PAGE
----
The adverse policy environment in the United States (US) has made immigrant communities particularly vulnerable to uncontrolled community spread of COVID-19. There are still very limited data on how the outbreak is impacting immigrant communities, although states and counties with high densities of immigrants also tend to have high numbers of infections, hospitalizations, and deaths [1]. Past and recent federal and state policy actions may exacerbate undetected community spread in immigrant communities and commensurate economic impact [2].

President Trump is using his emergency powers during the pandemic to push his broader agenda, which includes locking down the southern US border to severely limit immigration. This crackdown includes eschewing safeguards that protect minors and asylum seekers, allowing border control to turn them away or deport them. The stated rationale is to keep Americans safe from immigrants infected with the virus. However, there are no apparent limits on these border control tactics, leaving open the possibility that this executive order may last longer than the COVID-19 crisis and possibly throughout Trump’s term. The rationale that strict border control will limit American exposure is contradictory to what we learn from reports of immigrants in ICE detention centers testing positive for COVID-19; the overcrowded and unsanitary conditions and lack of healthcare lead to uncontained infection spread in these detention centers [3].

Immigrants to the US, particularly undocumented immigrants, face substantial economic and legal barriers to accessing healthcare. The recently passed Coronavirus Aid, Relief, and Economic Security (CARES) Act does not provide any social safety net support to the millions of undocumented immigrants. Many undocumented immigrant families live in poverty, and an equal number have no health insurance. Undocumented immigrants and most recent authorized immigrants are ineligible for federally funded public insurance programs [2]. This situation extends to most state-funded programs, even for children of immigrants; for example, most states do not provide any Medicaid benefits to pregnant immigrants if they are undocumented, less than half do not provide benefits to recently immigrated legal permanent resident (LPR) children, and nearly all states do not provide any public health insurance benefits to undocumented children [2].

Immigration policies such as the ‘public charge rule’ may further disincentivize even authorized immigrants to seek care if they develop symptoms [2]. Many immigrants from Mexico rely on medical care provided by Mexico. However, the US-Mexico border is now closed to non-essential travel. Given these factors, it is likely that more immigrants will be forced to rely on emergency departments (ED) for preventable care, thus further limiting capacity in EDs as they address COVID-19 [4]. The lack of healthcare access for immigrants, and fear of getting detained if going to the hospital, may even place US-born citizens at greater risk of infection if immigrants are unable to get tested or treated [2, 4].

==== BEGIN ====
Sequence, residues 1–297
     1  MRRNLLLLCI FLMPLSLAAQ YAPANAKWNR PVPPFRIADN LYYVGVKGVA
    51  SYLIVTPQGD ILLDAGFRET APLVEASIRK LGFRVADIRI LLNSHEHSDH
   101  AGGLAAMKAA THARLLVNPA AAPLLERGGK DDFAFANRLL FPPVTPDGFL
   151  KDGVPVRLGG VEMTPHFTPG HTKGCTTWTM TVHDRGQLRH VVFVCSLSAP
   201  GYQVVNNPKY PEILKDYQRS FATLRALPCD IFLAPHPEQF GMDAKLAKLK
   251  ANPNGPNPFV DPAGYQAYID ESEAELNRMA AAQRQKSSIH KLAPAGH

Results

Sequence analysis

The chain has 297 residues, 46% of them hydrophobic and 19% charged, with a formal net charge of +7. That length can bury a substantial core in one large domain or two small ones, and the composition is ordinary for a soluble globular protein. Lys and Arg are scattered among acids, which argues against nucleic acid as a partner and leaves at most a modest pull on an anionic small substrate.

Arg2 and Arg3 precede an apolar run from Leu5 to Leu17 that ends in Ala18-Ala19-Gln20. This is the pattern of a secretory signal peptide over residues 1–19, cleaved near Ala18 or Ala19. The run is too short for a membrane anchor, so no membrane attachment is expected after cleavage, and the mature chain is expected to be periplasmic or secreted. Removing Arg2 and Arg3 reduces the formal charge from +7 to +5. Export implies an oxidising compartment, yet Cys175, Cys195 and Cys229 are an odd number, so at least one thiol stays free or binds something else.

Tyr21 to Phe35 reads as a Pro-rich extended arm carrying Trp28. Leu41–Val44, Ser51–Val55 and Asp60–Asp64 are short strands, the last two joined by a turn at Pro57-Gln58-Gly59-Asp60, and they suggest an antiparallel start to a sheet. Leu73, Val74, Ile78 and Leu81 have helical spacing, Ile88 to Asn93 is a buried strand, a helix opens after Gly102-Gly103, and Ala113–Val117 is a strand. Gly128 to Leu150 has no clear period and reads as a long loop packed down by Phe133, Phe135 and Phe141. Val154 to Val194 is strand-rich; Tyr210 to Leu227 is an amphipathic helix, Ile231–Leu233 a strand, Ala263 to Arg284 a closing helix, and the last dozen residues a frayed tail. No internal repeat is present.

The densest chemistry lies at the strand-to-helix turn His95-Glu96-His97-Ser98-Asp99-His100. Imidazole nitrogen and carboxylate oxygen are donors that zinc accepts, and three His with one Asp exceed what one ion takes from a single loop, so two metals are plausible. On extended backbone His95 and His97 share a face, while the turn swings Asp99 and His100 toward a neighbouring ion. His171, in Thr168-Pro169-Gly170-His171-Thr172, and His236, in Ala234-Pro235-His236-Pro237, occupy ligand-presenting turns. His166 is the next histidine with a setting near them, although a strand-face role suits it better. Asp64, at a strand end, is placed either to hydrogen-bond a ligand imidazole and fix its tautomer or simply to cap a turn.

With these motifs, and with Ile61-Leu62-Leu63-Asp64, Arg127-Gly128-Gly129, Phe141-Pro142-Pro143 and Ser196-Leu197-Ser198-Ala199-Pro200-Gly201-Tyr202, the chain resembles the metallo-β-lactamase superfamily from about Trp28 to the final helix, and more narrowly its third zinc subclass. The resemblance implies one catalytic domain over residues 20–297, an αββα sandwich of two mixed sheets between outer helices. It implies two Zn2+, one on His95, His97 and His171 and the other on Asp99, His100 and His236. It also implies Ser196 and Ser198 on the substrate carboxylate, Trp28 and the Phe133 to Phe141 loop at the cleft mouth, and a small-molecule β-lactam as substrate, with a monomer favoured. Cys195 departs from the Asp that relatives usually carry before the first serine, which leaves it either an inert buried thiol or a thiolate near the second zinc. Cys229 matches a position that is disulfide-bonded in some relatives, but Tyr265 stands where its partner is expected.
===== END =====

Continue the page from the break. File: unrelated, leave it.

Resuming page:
Compounding these issues, the US economy is expected to contract substantially. Industries in which many workers are immigrants are expected to be severely impacted [1]. Shortages of personal protective equipment (PPE) in the US will likely mean that few if any immigrant workers will have access to effective PPE for work. In addition, reduced staff in American embassies during the pandemic will slow processing of H2-A visa applications for seasonal agricultural workers. This situation may place food supply chains in jeopardy if fewer migrant workers are available for agriculture and labor shortages emerge for certain agricultural sectors. Acute hardships experienced by immigrants will likely have serious ramifications for their families and communities in their home countries. COVID-19 will be challenging for under-resourced healthcare systems in developing nations, and they are more constrained in the monetary and fiscal measures that can be implemented compared to the US, which benefits from having the US dollar as the world’s reserve currency.

The long-term impact of COVID-19 and commensurate health and economic impact on families, communities, and state and federal governments will be a topic of research for many years. As this crisis unfolds, the impact on migrants from other countries could be telling for US policy. Lack of governmental leadership, cooperation, and coordination can jeopardize lives [5]. Given the importance of immigrants to the US economy and society, and the human toll this pandemic is having on migrants worldwide, federal and state policies should pivot to find ways to improve access to healthcare for immigrants [2, 3, 4, 5].